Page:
Stephanie Mallory is a mom, a hunter and Realtree’s PR Coordinator. She’s here to deliver an insider’s look at the outdoor business and give her opinion on all things outdoors—whether you asked for it or not.
The Biggest Threat to the Future of Hunting Could Be In Your Own Home
Anti-hunters are no doubt a threat to our beloved sport, but I believe an even bigger threat to our outdoor heritage can be found in many of our homes. That threat takes the form of gaming devices, such as Xbox, Wii and Nintendo. These addictive devices keep kids indoors and encourage laziness and unproductivity. The video games and electronics are creating a generation of youth who have little to no interest in what's going on outside of the virtual world, much less in the great outdoors. Many children would rather spend the day bathed in the artificial light of a screen than under the warmth of the sun. I despise these video games and playing devices for this very reason, and a story recently posted on Yahoo News has fueled my disdain.
According to the article, an Ohio teenager collapsed and was hospitalized on Tuesday after playing the game “Call of Duty: Modern Warfare 3” on his Xbox for the majority four days. The 15-year-old boy collapsed several times on Tuesday after emerging from his room. He was rushed to the hospital where he was treated for severe dehydration.
The doctor featured in this NBCNews video says the teenager did not consume enough fluids during his video-game marathon, which caused his blood volume and blood pressure to drop, preventing enough oxygen from getting to his brain. He’s recovered, and his mother claims she’s taken away his Xbox, but if I had to guess, he’ll be back in front of it before too long.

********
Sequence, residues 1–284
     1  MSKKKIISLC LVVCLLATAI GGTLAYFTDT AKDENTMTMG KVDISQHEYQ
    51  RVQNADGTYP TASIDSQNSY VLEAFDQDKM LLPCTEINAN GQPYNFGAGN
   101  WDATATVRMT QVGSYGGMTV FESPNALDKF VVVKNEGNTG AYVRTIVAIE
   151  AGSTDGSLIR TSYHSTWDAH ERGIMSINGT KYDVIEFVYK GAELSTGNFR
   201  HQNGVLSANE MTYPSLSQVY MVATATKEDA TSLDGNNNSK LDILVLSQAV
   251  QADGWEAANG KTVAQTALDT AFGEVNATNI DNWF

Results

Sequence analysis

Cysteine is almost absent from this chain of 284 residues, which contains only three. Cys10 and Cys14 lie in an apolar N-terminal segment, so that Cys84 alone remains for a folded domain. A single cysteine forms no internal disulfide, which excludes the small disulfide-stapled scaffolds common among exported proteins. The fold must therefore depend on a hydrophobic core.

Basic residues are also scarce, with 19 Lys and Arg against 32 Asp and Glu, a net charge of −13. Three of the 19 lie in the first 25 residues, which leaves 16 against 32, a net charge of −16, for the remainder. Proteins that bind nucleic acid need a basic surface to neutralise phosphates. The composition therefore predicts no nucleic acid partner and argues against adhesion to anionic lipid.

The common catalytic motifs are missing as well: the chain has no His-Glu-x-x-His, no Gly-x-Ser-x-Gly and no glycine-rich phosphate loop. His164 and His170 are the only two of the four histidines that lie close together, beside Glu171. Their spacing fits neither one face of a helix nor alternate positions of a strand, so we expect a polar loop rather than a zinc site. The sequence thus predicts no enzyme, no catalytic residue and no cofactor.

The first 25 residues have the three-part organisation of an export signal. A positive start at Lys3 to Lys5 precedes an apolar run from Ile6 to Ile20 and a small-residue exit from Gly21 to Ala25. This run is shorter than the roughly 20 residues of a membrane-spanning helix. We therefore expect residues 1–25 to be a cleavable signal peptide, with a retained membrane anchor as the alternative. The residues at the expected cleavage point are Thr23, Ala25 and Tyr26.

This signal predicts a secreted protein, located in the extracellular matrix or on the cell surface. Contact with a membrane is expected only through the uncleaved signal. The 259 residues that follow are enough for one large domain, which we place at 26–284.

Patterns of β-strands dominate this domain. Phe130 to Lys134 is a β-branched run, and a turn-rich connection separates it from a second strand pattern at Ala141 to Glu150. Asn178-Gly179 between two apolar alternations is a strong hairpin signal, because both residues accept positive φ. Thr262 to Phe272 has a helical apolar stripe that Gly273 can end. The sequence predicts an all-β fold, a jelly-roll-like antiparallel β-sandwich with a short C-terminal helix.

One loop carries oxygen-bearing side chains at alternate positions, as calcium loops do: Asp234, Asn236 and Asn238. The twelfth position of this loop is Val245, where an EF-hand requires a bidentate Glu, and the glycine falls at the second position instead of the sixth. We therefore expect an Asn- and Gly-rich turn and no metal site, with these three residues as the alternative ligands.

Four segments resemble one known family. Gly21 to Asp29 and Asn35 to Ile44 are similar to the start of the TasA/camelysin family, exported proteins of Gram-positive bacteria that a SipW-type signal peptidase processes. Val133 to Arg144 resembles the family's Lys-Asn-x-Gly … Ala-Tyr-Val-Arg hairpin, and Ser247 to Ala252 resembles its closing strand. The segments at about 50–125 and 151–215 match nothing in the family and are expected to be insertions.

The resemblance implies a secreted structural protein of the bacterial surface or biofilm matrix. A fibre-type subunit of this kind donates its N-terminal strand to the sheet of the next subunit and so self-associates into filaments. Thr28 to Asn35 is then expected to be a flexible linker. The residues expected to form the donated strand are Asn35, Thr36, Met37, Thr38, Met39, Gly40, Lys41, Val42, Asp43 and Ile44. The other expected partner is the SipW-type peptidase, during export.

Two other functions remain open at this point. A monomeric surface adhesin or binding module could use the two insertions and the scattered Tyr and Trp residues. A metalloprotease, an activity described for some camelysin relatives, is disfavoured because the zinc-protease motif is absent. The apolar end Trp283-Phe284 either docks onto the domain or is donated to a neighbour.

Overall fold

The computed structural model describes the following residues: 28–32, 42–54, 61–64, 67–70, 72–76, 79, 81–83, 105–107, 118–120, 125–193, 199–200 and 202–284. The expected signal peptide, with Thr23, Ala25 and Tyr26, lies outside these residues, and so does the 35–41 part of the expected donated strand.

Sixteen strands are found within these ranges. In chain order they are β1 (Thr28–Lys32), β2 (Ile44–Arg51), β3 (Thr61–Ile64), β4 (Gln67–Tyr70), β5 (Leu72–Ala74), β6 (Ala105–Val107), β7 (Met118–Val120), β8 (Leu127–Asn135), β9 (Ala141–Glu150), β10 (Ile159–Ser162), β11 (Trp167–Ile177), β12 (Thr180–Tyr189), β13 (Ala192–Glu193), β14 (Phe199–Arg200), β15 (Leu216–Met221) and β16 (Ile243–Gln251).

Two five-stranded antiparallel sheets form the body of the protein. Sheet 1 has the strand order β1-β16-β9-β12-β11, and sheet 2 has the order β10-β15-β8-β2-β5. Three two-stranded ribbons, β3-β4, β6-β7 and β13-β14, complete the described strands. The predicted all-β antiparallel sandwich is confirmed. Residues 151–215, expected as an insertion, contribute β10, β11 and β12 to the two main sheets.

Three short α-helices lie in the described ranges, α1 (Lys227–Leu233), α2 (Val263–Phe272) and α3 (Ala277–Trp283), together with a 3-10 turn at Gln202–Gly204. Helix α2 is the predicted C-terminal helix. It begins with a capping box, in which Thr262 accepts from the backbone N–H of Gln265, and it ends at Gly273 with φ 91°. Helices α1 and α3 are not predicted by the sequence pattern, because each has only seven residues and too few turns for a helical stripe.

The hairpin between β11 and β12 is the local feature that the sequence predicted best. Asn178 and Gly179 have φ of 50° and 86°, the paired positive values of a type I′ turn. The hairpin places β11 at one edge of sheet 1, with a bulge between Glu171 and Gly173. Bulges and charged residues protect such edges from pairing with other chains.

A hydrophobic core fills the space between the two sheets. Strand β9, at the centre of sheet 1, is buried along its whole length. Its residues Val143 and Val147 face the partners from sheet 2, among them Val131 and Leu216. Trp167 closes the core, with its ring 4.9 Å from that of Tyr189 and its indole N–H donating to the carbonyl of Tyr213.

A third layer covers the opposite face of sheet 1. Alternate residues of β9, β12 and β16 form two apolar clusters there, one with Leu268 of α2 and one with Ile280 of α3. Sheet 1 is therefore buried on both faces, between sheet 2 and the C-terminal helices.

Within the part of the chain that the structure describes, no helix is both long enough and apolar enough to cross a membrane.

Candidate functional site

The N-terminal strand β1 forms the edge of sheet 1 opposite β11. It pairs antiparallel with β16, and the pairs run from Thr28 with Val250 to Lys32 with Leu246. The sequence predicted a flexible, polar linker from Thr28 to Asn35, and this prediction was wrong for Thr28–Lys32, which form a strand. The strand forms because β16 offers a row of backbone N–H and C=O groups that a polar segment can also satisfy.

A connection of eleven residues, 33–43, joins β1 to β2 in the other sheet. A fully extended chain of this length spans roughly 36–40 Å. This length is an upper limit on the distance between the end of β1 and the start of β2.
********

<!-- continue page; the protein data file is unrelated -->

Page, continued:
I would like to say that I can’t believe any mother would allow her son to play video games for that long, but sadly, I know several parents who permit their kids to play video games and sit indoors in front of their TVs or computers as much as they wish. These days, way too many parents let electronics do the parenting. If their kids are wrapped up in their video games, they aren’t bothering their parents, and this is just fine by mom and dad.
I grew up in the time of the Atari (yes, I’m revealing my age). I had one, but I rarely played it. I preferred playing outside with my friends and roaming the woods behind our house. But, my oldest son, Ethan, who is 8 years old, would sit in front of his Wii or play his Nintendo DS all day if I'd let him. I don’t. He’s allowed to play for a set amount of time each day during the summer and that’s it. During the school year, his time is even more limited. I also make him and my other children play outdoors every day. Ethan thinks I’m too strict as many of his friends don't have to abide by such rules, but I don’t care. I want him to grow up to be an active, healthy, outdoorsy and sociable young man, and I’m willing to endure a little bitterness if I must.
So, what are the rules in your house for gaming devices? Do you limit the time your children can play? Do you allow your kids to carry them along on their hunting trips?